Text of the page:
Since the first season of Marco Polo dropped on Netflix a week ago, the 13th-century medieval epic has suffered a critical pile-on that feels almost gleeful in its disdain. It’s “the most gorgeous thing you’ll ever fall asleep to,” “meh,” “ludicrous,” and “binge-proof,” which may be the worst insult of all to level at a show created by the streaming service that popularized the habit of binge-watching.
Chief among the series' redeeming qualities is its impeccable and accordingly expensive production and ambitious subject matter. Netflix is trying to appeal to a more global audience, so its choice of story was strategic from a business perspective. But a big budget, high hopes, and good intentions it seems wasn't enough to buoy a boring protagonist and flaccid story for many critics and viewers, myself included (despite a suspiciously high Netflix rating boosted by PR-y sounding reviews).
Another unavoidable criticism: When deconstructed, Marco Polo is like a blander, trying-too-hard, real-life version of a certain HBO hit show adapted from an as-yet incomplete series of fantasy novels.*
But among the first key problems sensed upon the initial release of the show's trailer was its apparent embodiment of that tired storytelling trope, the "white-guy-in-Asia adventure." As Phil Yu of Angry Asian Man wrote back in October:
Ooh. Lots of swords and gongs and mysticism and opium and sexy Asian ladies on silk sheets and shit. And dude, did I just see a naked person doing some kung fu?
After the series debuted, Salon's TV critic Sonia Soraiya also offered a sharp but fair take-down of the show's many flaws, pointing out that:
It feels like a terrible disservice to the strong source material to fall into such well-charted pitfalls about storytelling about other cultures, and a disservice to that $90 million, which apparently could have been better spent.
Mic's Zak Cheney-Rice similarly called on Netflix to "do better" in its portrayal of Asian characters, criticizing Marco Polo for leaning on ludicrous Orientalist stereotypes and privileging the white, Western point-of-view. He also noted that Netflix must have "missed the memo," referring to a list released by the Media Action Network for Asian Americans in 2008 on ways good-intentioned media-makers can bust stereotypes.
But the truth is, despite its many, many flaws, Marco Polo actually does follow many of MANAA's suggestions, including the following:
- Asian names or racial features as no more "unusual" than those of whites.
- More Asian and Asian American lead roles.
- Until the proverbial playing field is truly level, Asian roles—especially lead roles—should be reserved for Asian actors.
Yes, it privileges the point of view of the good-looking, wide-eyed Westerner in a world of "others," but remember another based-on-a-true-story Netflix show that did that but received critical acclaim?
To be fair, Orange Is the New Black did a phenomenal job of following through on creator Jenji Kohan's plan to use Piper as a Trojan horse into the stories of non-white characters who were far more complex and compelling than the ones Marco Polo conjured up. But it's a little disingenuous to write off the show for attempting something similar through the character of Marco Polo, who was meant as a bridge into a story set on another continent hundreds of years ago.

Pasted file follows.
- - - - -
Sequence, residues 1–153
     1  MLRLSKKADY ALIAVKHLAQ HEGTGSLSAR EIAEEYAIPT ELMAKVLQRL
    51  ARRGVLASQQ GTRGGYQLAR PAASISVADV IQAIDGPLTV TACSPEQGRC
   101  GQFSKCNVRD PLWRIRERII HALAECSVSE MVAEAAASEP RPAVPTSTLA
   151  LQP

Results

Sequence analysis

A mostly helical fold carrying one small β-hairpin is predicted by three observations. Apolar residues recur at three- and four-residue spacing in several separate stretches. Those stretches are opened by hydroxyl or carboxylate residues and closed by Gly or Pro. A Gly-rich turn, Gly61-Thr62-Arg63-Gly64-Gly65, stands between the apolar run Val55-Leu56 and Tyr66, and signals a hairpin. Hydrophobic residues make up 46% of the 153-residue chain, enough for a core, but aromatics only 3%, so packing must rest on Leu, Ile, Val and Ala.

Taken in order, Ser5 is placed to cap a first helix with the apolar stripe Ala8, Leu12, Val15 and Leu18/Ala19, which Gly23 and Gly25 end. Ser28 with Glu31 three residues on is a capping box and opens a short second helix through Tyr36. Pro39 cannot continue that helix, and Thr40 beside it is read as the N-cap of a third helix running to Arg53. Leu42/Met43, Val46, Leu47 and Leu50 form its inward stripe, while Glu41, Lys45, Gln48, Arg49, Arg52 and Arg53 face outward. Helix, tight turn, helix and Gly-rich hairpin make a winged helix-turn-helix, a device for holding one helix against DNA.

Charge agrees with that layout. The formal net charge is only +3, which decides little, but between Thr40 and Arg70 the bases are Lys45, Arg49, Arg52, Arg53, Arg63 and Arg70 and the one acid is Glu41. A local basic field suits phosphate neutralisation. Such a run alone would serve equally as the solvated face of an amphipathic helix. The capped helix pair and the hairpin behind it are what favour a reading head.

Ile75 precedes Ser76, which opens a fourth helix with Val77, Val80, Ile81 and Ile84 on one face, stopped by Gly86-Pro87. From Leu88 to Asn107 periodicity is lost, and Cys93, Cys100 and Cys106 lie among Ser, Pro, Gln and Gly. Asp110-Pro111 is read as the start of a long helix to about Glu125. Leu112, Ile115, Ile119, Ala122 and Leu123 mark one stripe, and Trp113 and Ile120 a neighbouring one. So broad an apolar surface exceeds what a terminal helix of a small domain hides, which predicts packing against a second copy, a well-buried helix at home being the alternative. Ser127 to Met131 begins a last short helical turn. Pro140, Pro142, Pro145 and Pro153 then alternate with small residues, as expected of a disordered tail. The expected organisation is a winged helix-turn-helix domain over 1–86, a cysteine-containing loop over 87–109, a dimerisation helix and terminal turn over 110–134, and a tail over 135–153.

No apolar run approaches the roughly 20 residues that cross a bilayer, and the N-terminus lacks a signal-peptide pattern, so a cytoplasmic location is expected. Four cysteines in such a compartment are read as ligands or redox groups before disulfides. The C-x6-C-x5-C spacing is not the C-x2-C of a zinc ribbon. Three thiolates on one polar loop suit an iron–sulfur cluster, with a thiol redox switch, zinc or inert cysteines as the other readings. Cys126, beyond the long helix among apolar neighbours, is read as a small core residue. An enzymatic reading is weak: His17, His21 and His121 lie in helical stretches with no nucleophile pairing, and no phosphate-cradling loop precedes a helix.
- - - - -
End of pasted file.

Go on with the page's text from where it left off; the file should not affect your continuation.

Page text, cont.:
In the grander scheme, the not-so-well-reviewed Marco Polo does more for the overall goal of increasing the representation of Asian characters and breaking down some stereotypes (even as it perpetuates others) than other highly acclaimed Western shows that ignore such characters altogether. Recall that Marco Polo's cast is more than 90 percent Asian; how many other big-budget Western shows can say that?
It would behoove critics and TV viewers alike to acknowledge these kinds of efforts to hire more Asian actors and place them in lead roles. Yes, Olivia Cheng may do many of her scenes naked, and there are ridiculous scenes that feel like fetishization-of-Asian-women-for-the-fetishization-of-Asian-women's-sake, but the female characters also eventually achieve more than a degree of depth.
As Imran Siddiquee wrote for The Atlantic, having more characters of color on television (or on Western screens in general) isn't just a matter of metrics, just as "representation" isn't just some noble abstraction. Movies and shows can engender empathy for the people they portray. And in a time when the foibles of a brutal North Korean dictator make for good comedy (seemingly to the exclusion of anger at the appalling treatment of an entire country), some extra empathy for Asian faces is a good thing.
So I'll suffer the existence of a show with ridiculous orgies and stuffy dialogue if that show that tries to fix an entrenched problem in Western television, even if it falls short (and hey, I have the February debut of ABC's Fresh off the Boat to look forward to!). Certainly, the end goal is a program that is both lauded and progressive in its portrayal of characters of Asian descent, such as Parks and Recreation, The Mindy Project, Elementary, and The Walking Dead. And on the whole, television is getting much better at the whole diversity thing, even if it's not even quite there yet.
But the Mongolian empire, as it were, wasn't built in a day.
*As someone who owns a Night's Watch shirt, I couldn't get through the first episode, "The Wayfarer" without experiencing a kind of uncanny valley effect from all the disorienting, almost-but-not-quite Game of Thrones similarities. Sample train of thought: Kublai Khan is King Robert Baratheon; Oh hey, it's like Littlefinger's brothel; Marco Polo is Jon Snow; Hundred Eyes is like Syrio Forel; the Chancellor Jia Sidao is kind of like Viserys Targaryen in his ambition and creepy sister-pimping; the opening scene of the pilot episode is totally like the pilot episode of Game of Thrones.